|Coin||Five Hundred Fils 1968 Isa Town|
The Bahraini Dinar was introduced as a currency in 1965, six years before Bahrain gained full independence; it replaced the Gulf Rupee at a rate of 10 rupees = 1 dinar. The Dinar is subdivided into 1,000 Fils (the singular form is also Fils); hence it is usually represented with three decimal places denoting the Fils. The 500 Fils (0.500 Dinar) coin is the largest circulating denomination (larger denominations have been issued as non-circulating legal tender only).
The first use of the denomination was for this silver non-circulating commemorative in 1968. Designed by the Royal Mint's Michael Rizzello, it features an effigy of the first Emir of the country on the obverse and the Coat of Arms on the reverse, with a text commemorating the opening of Isa Town - an affluent town named after the Emir.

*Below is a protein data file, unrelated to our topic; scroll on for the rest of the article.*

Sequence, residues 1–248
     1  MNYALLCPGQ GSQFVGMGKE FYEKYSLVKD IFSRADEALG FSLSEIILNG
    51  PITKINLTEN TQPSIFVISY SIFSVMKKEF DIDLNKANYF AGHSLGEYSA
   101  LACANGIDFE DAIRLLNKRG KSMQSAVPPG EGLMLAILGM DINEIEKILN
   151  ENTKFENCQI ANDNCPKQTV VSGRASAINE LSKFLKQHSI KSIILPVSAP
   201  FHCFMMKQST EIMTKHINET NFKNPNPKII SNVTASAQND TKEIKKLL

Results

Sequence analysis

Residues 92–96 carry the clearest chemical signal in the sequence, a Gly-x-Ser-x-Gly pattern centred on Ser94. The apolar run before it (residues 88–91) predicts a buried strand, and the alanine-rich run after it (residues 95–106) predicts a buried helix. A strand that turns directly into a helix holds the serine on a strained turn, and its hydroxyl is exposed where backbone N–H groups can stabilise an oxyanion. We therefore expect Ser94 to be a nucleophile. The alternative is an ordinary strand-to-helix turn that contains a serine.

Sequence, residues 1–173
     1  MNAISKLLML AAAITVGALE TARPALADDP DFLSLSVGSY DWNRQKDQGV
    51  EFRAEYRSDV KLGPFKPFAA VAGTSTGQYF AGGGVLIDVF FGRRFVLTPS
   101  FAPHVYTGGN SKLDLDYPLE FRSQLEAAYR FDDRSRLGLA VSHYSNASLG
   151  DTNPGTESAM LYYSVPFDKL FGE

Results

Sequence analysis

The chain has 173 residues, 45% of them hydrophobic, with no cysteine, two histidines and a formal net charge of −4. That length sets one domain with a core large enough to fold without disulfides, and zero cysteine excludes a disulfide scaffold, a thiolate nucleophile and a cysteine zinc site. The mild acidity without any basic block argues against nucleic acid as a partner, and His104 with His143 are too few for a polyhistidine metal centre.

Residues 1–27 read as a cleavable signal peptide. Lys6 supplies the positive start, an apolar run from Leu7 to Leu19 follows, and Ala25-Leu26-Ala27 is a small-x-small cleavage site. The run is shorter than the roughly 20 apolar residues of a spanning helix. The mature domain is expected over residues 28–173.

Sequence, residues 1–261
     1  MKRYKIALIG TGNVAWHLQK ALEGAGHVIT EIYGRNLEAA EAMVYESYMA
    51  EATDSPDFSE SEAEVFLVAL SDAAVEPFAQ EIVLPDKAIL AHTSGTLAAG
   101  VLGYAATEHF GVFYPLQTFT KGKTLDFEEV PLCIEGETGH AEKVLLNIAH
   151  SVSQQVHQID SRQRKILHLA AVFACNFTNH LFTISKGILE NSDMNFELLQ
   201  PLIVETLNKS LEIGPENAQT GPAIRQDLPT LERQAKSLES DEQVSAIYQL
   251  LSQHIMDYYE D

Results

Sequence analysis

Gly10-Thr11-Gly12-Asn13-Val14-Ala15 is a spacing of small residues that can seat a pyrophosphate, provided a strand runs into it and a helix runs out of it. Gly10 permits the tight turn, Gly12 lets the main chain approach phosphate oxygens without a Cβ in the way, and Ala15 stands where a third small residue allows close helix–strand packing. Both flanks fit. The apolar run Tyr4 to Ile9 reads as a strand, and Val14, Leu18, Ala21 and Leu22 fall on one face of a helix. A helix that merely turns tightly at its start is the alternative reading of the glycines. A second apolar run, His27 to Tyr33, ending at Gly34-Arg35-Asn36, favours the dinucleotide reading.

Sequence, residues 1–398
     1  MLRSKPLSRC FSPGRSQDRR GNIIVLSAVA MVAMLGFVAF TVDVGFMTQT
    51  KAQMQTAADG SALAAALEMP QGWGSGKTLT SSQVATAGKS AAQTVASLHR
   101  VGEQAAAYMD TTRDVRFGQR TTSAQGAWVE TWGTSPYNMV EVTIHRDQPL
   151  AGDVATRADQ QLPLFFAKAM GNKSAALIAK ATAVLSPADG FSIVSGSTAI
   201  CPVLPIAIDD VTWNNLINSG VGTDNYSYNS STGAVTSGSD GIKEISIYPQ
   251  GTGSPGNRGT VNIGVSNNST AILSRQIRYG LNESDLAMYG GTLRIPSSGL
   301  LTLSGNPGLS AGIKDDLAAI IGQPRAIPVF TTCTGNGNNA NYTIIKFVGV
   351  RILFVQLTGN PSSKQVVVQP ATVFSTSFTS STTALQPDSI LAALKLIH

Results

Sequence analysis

Krause lists the composition as 0.800 silver (0.4707 oz. ASW).
Bust of the Emir, Sheikh Isa bin Salman Al Khalifa facing left, wearing a keffiyeh (traditional Arab headdress). There is no legend or other text.
Within an octagon, the crowned Coat of Arms of Bahrain; above, البحرين (Bahrain); below, the same in English: BAHRAIN; to the left (vertically), the date in common numerals, in Hijri year then in Common era: 1388-1968; to the right (vertically), the same but with Arabic numerals: ١٣٨٨-١٩٦٨.
Outside the octagon, the town name is in Arabic around above: مدينة عيسى and in English around below: ISA TOWN. The denomination and value are in Arabic around left: ٥٠٠ فلس and in English around right: 500 FILS.
References to additional information:
[Book] Remick, Jerome. The Guide Book and Catalogue to British Commonwealth Coins, Regency Coins and Stamps Ltd, Winnipeg, Canada, 1971, p61